ILNews

Prominent employment attorney dies

Jennifer Nelson
September 16, 2008
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Virginia O'Leary, a prominent employment attorney in southern Indiana, died yesterday at the age of 74. O'Leary spent more than 30 years representing women and minorities seeking equal employment opportunities.

"She was the hardest working person we know," said Ginger Rawls, litigation secretary at O'Leary & Associates in Oakland City.

The well-known attorney represented more than 1,000 individual claimants and more than 6,000 class members in employment discrimination and other civil rights cases, according to a nomination form recommending O'Leary for the 2004 Torchbearer Awards presented by the state. She won the honor that year.

"She cared a whole lot about her clients," Rawls said, noting that the clients cared just as much about their attorney.

O'Leary was honored by the Indiana State Bar Association's Women in the Law Committee in 1993 and she received the 1980 Indiana Citizen of the Year award from the Indiana Council for the Social Studies for her work in civil rights.

O'Leary earned her law degree at the University of Louisville in 1971. Prior to becoming an attorney, she worked in Ohio and Kentucky as a teacher.

O'Leary's cause of death is unknown at this time. Rawls said O'Leary had diabetes and had a slight heart attack a few weeks ago, but was improving. Funeral arrangements are pending.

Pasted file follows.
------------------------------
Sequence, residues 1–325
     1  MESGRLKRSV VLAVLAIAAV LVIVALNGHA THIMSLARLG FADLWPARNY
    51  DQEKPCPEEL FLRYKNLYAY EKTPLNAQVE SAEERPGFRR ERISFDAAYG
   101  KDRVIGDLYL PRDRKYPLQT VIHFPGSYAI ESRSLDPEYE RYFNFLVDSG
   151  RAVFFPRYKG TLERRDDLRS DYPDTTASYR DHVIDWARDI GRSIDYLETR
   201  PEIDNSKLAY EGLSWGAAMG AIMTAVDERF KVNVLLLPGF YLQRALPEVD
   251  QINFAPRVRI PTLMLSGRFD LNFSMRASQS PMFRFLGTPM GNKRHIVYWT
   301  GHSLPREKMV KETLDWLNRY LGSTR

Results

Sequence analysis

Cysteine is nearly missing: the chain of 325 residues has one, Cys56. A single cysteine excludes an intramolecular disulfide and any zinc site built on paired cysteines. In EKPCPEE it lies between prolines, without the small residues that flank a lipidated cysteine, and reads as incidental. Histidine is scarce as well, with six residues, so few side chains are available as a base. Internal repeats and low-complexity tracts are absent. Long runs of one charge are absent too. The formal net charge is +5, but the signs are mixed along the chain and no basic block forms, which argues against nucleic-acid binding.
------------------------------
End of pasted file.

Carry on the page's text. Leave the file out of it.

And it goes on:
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  1. Frankly, it is tragic that you are even considering going to an expensive, unaccredited "law school." It is extremely difficult to get a job with a degree from a real school. If you are going to make the investment of time, money, and tears into law school, it should not be to a place that won't actually enable you to practice law when you graduate.

  2. As a lawyer who grew up in Fort Wayne (but went to a real law school), it is not that hard to find a mentor in the legal community without your school's assistance. One does not need to pay tens of thousands of dollars to go to an unaccredited legal diploma mill to get a mentor. Having a mentor means precisely nothing if you cannot get a job upon graduation, and considering that the legal job market is utterly terrible, these students from Indiana Tech are going to be adrift after graduation.

  3. 700,000 to 800,000 Americans are arrested for marijuana possession each year in the US. Do we need a new justice center if we decriminalize marijuana by having the City Council enact a $100 fine for marijuana possession and have the money go towards road repair?

  4. I am sorry to hear this.

  5. I tried a case in Judge Barker's court many years ago and I recall it vividly as a highlight of my career. I don't get in federal court very often but found myself back there again last Summer. We had both aged a bit but I must say she was just as I had remembered her. Authoritative, organized and yes, human ...with a good sense of humor. I also appreciated that even though we were dealing with difficult criminal cases, she treated my clients with dignity and understanding. My clients certainly respected her. Thanks for this nice article. Congratulations to Judge Barker for reaching another milestone in a remarkable career.

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